Friday, July 2, 2010

The Bunning Seat -- John Breckinridge

So I did some more research (in Humphrey Marshall's book) to understand why Marshall was elected in 1794. He claims that the state legislature wanted to show support for President Washington (a Federalist himself) in his battle against the Whiskey Rebellion (in which Washington called out the army against a bunch of rednecks who refused to pay their taxes).

But even in 1794, Marshall just barely got elected. By 1800, after four years of John Adams, the Federalists were finished in Kentucky. Marshall himself wrote of 1800 that "to establish upon a candidate that he was a federalist, was the equivalent of his exclusion from office."

In short, it is not surprising that Humphrey Marshall was replaced by John Breckinridge -- a name to conjure with in Kentucky history. Breckinridge was quite a figure. He was born in 1760 in Staunton, Virginia. He attended William and Mary and was actually elected to the Virginia legislature when he was only 19 years old. He later fought in the Revolution, and was elected to Congress in 1792, but never served.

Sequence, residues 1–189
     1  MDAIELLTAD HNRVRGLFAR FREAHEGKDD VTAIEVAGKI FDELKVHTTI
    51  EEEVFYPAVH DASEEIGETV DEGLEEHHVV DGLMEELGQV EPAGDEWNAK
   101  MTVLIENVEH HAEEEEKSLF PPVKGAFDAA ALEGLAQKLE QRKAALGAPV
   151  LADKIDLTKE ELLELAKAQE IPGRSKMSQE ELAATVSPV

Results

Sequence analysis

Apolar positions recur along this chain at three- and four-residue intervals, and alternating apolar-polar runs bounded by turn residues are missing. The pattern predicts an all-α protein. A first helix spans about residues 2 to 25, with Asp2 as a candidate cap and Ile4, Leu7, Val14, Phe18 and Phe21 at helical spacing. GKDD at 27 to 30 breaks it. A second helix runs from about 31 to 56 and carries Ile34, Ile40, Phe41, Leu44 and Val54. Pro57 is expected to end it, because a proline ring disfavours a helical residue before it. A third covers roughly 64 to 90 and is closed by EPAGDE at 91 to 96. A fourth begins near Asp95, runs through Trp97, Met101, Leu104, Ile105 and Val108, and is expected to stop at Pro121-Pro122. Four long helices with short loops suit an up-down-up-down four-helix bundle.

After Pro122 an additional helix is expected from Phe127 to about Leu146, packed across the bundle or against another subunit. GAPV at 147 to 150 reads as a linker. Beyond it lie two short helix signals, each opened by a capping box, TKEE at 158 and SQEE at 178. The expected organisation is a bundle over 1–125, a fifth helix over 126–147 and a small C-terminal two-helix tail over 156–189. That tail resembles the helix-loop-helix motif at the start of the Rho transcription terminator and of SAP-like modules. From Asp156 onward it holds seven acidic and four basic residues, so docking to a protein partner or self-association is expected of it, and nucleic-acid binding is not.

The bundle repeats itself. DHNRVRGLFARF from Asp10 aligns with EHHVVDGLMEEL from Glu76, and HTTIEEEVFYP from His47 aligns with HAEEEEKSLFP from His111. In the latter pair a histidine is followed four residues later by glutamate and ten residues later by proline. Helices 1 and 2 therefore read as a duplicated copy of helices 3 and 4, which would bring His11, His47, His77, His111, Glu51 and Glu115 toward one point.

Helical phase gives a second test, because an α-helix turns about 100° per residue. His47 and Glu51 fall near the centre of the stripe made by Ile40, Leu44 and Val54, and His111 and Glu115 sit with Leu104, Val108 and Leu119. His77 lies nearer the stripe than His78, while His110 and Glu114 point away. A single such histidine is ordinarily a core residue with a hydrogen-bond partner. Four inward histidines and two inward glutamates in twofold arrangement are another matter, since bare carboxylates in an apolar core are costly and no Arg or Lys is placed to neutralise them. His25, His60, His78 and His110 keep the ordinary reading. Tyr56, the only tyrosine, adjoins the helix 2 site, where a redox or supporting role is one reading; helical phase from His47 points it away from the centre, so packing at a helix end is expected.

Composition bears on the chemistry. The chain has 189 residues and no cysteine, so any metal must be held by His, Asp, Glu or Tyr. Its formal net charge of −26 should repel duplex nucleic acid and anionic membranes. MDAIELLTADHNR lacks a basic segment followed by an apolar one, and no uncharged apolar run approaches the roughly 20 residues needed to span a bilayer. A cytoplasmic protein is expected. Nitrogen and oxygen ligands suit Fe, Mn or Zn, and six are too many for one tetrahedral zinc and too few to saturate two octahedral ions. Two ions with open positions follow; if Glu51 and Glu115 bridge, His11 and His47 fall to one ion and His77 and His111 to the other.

Instead, in 1793 he moved to Lexington, Kentucky and began practicing law. He purchased 2,467 acres of land and started what became one of the most famous horse-breeding farms in America. By 1794 he was a leader of the Kentucky Democrat-Republicans and was only narrowly defeated by Marshall for the Senate. In 1795 he became Kentucky's Attorney General, and in 1797 he was elected to the State House. In 1799, he served in Kentucky's constitutional convention, and had a county named in his honor.

In 1800, the General Assembly sent him to Washington as a Senator. He served until August 7, 1805 -- when President Jefferson named him Attorney General for the United States. He held this position until December 14, 1806 -- when he died at the age of only 46 at his home near Lexington. The Breckinridge family, of course, would remain a great power in Kentucky for a very long time. One can only wonder whether this fact brought any consolation to Humphrey Marshall, an aristocrat himself.

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